Nate Blakeslee is a friend, and I'm about halfway through his book, Tulia: Race, Cocaine and Corruption in a Small Texas Town, but it's getting great buzz already, including reviews last week in the New York Times and the Austin Statesman. Nate spoke to a standing room only crowd in a legislative hearing room in the capitol, interviewed by NPR's Wade Goodwyn. Without having finished his book yet, I can already tell you that it's extremely well-written -- almost novelistic, save for it's rigorous sourcing. I can also say that, as somebody on the inside of Texas' political movement surrounding drug task forces and the Tulia scandals, I'm learning a LOT about what happened I didn't already know, so I can pretty much assure you that if I'm learning new stuff on this subject, just about everyone who reads it will.
Another fascinating and well-attended panel I was privileged to see (as with Nate's event, the room was jam packed) featured three authors with new books about different pieces of the Texas justice system.
- Steve Liss, author of No Place for Children: Voices from Juvenile Detention, spent two years taking photos and interviewing kids, parents and detention officers in the Webb County Juvenile Detention Facility in Laredo. He showed a few dramatic pictures depicting kids warehoused in conditions he accurately described as similar to "dungeons." Most of the kids he photographed were there for minor offenses like shoplifting, but those were housed with more dangerous ones, including gangbangers charged with capital murder. Dramatic, moving, stuff. The book is oversized with beautiful photo plates sprinkled throughout.
- John Hubner, author of Last Chance in Texas: The Redemption of Criminal Youth, has written an account of a program at the Texas youth detention facility in Giddings that uses treatment models to combat antisocial behavior among Texas' most violent youth. Many of the kids Hubner described actually killed someone -- all had histories of serious violence. Yet many were transformed, he said, through a system that forced them to confront what they did, even role-playing the part of their victims in murder re-enactments, which Hubner said, as a theater fan, were some of the most moving dramatic performances he's ever seen. He commended the Texas Youth Commission as a national leader, basing its approach on a "treatment" model rather than a punitive approach. Comparing it to California, where he's from, he thought Texas was doing a pretty good job, though that message was muted, if not mooted, by Liss' dramatic presentation. Still, Hubner's out there looking for good programs that work, and thinks he's found one in Giddings.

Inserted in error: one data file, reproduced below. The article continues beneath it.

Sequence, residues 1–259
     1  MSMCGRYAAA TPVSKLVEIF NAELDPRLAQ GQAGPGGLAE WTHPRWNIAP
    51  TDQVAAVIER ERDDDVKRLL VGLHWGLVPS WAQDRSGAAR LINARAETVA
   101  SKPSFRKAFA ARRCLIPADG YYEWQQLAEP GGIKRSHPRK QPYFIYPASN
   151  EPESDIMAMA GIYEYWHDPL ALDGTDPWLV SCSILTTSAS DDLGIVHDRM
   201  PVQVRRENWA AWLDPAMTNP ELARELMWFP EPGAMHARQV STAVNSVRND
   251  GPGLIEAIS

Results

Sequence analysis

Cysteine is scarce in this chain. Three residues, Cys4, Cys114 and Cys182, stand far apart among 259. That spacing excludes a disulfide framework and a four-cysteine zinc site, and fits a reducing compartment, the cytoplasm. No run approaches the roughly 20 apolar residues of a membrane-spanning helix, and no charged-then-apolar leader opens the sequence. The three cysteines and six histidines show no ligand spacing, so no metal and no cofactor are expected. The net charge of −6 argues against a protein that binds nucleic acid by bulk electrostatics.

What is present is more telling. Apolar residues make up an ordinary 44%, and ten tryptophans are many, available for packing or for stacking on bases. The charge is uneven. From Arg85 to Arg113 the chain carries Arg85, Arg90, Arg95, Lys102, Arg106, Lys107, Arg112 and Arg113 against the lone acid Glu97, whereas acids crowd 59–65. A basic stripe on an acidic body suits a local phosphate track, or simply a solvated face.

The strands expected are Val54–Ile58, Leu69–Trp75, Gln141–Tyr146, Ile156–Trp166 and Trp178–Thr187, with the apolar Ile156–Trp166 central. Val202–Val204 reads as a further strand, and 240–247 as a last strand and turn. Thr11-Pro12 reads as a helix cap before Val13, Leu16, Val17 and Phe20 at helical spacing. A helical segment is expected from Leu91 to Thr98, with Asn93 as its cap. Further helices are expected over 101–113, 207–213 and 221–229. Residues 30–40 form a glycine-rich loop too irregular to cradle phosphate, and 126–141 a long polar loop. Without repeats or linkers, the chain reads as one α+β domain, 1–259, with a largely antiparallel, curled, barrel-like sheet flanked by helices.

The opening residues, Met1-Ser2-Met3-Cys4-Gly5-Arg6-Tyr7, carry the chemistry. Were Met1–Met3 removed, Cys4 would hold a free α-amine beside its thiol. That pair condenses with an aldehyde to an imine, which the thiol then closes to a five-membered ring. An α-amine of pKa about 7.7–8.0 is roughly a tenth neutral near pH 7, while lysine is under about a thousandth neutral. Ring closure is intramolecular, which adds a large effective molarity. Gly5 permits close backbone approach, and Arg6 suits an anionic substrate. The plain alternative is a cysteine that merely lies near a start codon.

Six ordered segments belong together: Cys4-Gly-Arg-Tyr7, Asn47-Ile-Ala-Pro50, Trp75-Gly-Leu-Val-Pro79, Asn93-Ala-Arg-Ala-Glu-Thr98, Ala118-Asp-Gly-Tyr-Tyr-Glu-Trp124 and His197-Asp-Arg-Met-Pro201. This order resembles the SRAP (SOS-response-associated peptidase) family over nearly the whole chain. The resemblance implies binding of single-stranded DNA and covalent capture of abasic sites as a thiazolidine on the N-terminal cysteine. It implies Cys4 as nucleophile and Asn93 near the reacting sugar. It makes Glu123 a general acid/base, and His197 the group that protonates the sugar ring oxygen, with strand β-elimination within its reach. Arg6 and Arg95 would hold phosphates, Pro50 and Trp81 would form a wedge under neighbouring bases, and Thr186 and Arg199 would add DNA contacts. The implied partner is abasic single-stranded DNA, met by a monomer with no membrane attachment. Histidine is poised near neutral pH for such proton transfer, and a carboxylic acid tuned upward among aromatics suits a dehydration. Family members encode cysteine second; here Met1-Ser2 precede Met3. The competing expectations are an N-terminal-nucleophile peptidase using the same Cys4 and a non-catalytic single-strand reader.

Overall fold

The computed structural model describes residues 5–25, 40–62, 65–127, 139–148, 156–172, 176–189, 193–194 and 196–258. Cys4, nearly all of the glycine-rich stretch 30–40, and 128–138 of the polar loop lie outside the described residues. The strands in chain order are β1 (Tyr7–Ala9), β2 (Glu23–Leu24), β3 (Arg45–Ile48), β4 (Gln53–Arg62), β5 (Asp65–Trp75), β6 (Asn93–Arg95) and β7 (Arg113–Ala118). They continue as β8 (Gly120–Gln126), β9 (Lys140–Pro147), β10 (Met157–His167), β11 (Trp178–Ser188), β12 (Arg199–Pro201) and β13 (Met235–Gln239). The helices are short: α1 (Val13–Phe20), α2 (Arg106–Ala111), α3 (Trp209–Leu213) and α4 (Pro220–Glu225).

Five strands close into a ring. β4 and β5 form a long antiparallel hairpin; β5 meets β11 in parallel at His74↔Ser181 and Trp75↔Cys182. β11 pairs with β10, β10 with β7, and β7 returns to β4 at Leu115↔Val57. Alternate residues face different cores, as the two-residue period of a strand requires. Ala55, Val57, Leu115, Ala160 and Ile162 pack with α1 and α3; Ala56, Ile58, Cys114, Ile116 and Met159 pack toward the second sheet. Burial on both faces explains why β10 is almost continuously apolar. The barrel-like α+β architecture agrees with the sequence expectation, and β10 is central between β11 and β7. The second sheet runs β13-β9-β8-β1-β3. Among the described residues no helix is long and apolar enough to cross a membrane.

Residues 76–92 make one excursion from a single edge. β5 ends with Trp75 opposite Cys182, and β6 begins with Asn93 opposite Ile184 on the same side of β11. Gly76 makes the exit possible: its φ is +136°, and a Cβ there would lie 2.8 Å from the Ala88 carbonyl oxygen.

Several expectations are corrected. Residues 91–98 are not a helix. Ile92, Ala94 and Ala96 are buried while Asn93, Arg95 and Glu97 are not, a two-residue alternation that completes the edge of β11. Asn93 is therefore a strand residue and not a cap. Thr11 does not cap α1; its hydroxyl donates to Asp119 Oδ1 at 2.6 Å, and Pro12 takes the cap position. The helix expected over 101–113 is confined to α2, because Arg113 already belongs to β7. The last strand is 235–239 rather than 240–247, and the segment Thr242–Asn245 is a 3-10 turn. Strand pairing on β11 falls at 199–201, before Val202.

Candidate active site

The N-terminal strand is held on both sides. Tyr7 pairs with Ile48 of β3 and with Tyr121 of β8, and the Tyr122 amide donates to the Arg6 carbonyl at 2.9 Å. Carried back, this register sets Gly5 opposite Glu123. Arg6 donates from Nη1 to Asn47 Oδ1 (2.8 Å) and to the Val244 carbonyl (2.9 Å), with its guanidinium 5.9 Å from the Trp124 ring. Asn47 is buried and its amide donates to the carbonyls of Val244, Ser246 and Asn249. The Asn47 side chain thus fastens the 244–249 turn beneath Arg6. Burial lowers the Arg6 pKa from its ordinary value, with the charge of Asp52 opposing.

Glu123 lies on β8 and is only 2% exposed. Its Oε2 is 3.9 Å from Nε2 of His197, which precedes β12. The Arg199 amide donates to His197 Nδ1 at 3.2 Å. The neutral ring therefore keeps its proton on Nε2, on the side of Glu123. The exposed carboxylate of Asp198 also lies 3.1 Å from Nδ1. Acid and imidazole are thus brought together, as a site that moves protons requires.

- Finally, former Huntsville prison warden Jim Willett, the eponymous author of "Warden: Prison Life and Death from the Inside Out," spoke about his role as the warden in charge of the Walls Unit, which houses Texas' death chamber. He personally oversaw 87 Texas executions, a process that must be absolutely grueling on those forced to participate as part of their jobs. Willett, who speaks with a soft, East Texas drawl, said he spent time "listening" to each one of those doomed inmates, "as long as they wanted to talk," on the afternoon before their deaths. He teared up when telling the story of standing over a dying inmate who cracked good-natured gallows humor at his own expense while the poison began to flow through his veins. Willett's book described the blow-by-blow details of what the execution process is like, as well as a taste of prison life as viewed by a lifelong corrections officer who, as warden, actually lived with his family in a residence connected to the prison grounds.
All of these books seem like worthy reads. If Grits readers decide to pick one or more of them up, I hope you'll let me know what you thought about them, and what you learned.